The programmes themselves are comparable to the form and content of programmes normally included in television programme services, in that they follow the conventions of TV programmes, with edited opening sequences, on-screen captions, music soundtrack and presenters (for example ‘Exclusive Jay Kay Chat’ which is over 13 minutes long). Even in the briefer programmes this similarity of form holds true (for example ‘Meet the Page 3 Idol Finalists’, approx. 5 mins). The content of the programmes is also similar to the content of many programmes normally included in television programme services, for example profiles of cultural figures, motoring reviews, and soft ‘adult’ material.


ATVOD considers that the principal purpose of ‘Sun Video is to provide these TV-like programmes. As noted above, a thematic or topical connection to the (online or offline) newspaper offering is not sufficient to make the video service  an integral and ancillary part of the online version of the magazine, given the presentation of the service as a video on demand service in its own right.  It is ATVOD’s view that where a video does have a related text article, the programmes can and do make sense without reference to that article (for example ‘Exclusive Jay Kay Chat’).  There are also a significant number of programmes which do not link to a related text article at all (eg. ‘2001: A Babe Odyssey’).


 (b)       access to it is on-demand;

 

Sun Video can be watched at a time of the viewer’s choosing.


(c)        there is a person who has editorial responsibility for it;

 

The programmes on Sun Video have been selected and organised into a coherent catalogue of viewing options with a distinct editorial proposition.


(d)        it is made available by that person for use by members of the public; and

 

Sun Video is made available on the open internet. Anyone with access to the internet can view the programmes on Sun Video.


(e)        that person is under the jurisdiction of the United Kingdom for the purposes of the Audiovisual Media Services Directive.

 

The registered office of the provider of the service, News Group Newspapers Ltd, is: 3 Thomas More Square, E98 1XY


 In coming to this determination, ATVOD has taken note of Recital 21 of the Directive, which is not binding, and has concluded that Sun Video is a service in its own right which is distinct from the online version of the newspaper and which has as its principal purpose the provision of programmes which are comparable to the form and content of programmes normally included in television programme services.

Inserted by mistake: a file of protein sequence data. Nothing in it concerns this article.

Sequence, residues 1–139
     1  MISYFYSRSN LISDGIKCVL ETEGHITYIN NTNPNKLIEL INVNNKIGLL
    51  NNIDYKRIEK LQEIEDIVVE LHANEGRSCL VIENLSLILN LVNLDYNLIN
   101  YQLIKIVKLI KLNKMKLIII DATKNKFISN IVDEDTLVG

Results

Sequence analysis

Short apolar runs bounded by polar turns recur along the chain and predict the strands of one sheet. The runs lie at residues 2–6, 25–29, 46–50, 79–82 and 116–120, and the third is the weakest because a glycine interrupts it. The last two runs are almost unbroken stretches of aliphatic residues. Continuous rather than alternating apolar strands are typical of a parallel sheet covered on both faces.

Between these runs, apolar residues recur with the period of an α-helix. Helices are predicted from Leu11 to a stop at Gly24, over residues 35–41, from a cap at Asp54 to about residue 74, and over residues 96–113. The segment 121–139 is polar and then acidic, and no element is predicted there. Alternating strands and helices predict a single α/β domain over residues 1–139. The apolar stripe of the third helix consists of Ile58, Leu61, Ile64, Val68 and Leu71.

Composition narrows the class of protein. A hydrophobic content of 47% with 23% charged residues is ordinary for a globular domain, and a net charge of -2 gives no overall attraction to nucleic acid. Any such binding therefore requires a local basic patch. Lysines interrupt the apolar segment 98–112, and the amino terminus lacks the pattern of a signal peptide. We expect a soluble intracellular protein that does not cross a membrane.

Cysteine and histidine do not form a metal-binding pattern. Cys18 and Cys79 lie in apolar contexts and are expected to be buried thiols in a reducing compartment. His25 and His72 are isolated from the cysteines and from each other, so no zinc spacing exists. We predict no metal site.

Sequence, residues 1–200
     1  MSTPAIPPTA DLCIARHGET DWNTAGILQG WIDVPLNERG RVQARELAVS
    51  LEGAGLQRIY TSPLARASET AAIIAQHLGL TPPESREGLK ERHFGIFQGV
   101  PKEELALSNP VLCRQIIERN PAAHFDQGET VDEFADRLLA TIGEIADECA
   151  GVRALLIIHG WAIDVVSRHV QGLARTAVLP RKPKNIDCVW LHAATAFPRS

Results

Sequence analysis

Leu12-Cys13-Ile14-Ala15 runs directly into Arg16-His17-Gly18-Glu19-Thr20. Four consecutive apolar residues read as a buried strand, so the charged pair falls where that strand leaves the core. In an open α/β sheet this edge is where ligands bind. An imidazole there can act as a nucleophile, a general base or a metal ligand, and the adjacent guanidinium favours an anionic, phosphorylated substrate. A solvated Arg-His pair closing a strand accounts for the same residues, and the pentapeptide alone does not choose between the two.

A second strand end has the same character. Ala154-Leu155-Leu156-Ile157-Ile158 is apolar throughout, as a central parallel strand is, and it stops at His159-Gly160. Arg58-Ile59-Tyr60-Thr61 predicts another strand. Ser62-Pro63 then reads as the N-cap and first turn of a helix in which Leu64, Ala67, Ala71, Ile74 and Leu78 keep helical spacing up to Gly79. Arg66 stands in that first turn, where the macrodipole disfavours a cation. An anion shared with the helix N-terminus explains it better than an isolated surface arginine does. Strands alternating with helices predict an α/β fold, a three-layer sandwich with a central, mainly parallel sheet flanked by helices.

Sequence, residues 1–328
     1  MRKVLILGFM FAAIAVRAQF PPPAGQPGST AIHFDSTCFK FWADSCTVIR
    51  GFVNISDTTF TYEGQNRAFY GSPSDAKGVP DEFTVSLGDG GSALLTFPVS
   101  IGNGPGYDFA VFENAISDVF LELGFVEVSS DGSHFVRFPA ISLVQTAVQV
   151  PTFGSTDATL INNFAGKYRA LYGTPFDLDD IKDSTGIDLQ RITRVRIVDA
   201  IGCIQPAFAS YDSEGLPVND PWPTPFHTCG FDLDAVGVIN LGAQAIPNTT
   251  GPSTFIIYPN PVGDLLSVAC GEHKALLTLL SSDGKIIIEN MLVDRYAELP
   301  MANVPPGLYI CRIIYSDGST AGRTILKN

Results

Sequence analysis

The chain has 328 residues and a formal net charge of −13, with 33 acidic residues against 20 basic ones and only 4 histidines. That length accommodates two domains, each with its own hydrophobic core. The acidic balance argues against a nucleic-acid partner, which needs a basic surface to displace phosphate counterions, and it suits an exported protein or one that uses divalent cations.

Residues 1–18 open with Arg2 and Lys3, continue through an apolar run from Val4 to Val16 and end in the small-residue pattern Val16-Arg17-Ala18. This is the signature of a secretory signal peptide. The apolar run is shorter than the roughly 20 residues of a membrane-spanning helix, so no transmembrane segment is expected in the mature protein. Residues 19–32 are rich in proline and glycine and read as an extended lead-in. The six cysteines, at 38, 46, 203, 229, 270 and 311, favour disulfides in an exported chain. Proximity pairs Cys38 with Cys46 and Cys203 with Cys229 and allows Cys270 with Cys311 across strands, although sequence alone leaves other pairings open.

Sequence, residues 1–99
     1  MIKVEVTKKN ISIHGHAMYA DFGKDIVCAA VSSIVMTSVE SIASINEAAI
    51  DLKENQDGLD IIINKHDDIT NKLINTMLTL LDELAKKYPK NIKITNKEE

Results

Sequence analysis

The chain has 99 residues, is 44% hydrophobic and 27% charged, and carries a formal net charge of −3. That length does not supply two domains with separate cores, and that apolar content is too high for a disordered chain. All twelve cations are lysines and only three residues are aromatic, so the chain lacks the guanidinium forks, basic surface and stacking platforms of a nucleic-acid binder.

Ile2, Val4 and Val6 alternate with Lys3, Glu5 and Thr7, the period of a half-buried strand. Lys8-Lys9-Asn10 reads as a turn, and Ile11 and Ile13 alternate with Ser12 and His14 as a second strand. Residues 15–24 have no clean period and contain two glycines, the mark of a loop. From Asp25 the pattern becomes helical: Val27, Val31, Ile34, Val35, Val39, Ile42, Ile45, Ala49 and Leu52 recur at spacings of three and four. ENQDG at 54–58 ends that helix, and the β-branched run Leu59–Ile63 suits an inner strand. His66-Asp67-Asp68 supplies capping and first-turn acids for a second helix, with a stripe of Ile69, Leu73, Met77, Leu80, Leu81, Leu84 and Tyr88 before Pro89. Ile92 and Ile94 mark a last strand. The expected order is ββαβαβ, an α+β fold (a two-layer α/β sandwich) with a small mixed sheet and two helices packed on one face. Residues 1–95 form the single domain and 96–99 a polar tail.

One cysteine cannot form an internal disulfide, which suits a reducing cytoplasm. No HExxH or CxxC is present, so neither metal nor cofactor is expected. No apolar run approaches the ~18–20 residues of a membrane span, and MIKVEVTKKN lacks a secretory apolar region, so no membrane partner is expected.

ATVOD also noted the point made in the representations that the URL and the title of the video section do not contain the phrase ‘TV’ as ATVOD’s previous correspondence suggested.  In fact, as shown in screen grabs taken by ATVOD, the URL and title of the section have been changed since our original correspondence, from ‘Sun TV’ to ‘Sun Video’ and from http://www.thesun.co.uk/sol/homepage/video/300101/Sun-TV-Video.html to http://www.thesun.co.uk/sol/homepage/video/


ATVOD would also note that the ‘prominent’ notice regarding the Press Complaints Commission referred to in the representations appears – at the time of writing – on The Sun home page only and not on the front page of the Sun Video service.

 

Having made the determination that the Service is an ODPS,  ATVOD has concluded that there are reasonable grounds for believing that a contravention of section 368BA has occurred because on the basis of the information available (a) the Service is an ODPS, and (b)  the provider of the Service has not, before beginning to provide the Service, given a notification to the appropriate regulatory authority of  the intention to provide that service or, if the Service was already being provided on 18 March 2010, did not give a notification before 30 April 2010.

 

The service provider may request an appeal by Ofcom of ATVOD’s decision that the Service is an ODPS or that it is the provider of the ODPS. Ofcom requires appeals to be made in writing within 10 working days of the date of the relevant decision.  In urgent cases a shorter period may apply. Appeals must be made according to Ofcom’s current procedures. These may be found at: http://stakeholders.ofcom.org.uk/consultations/on-demand-programme-services/

 

If no appeal is made or if any appeal to Ofcom is unsuccessful or if Ofcom determines that the request has been made out of time, ATVOD may issue an enforcement notice under section 368BB(1)(a) of the Act following consultation with Ofcom. ATVOD may also refer the matter to Ofcom for consideration of the imposition of a financial penalty under section 368BB(1)(b) of the Act.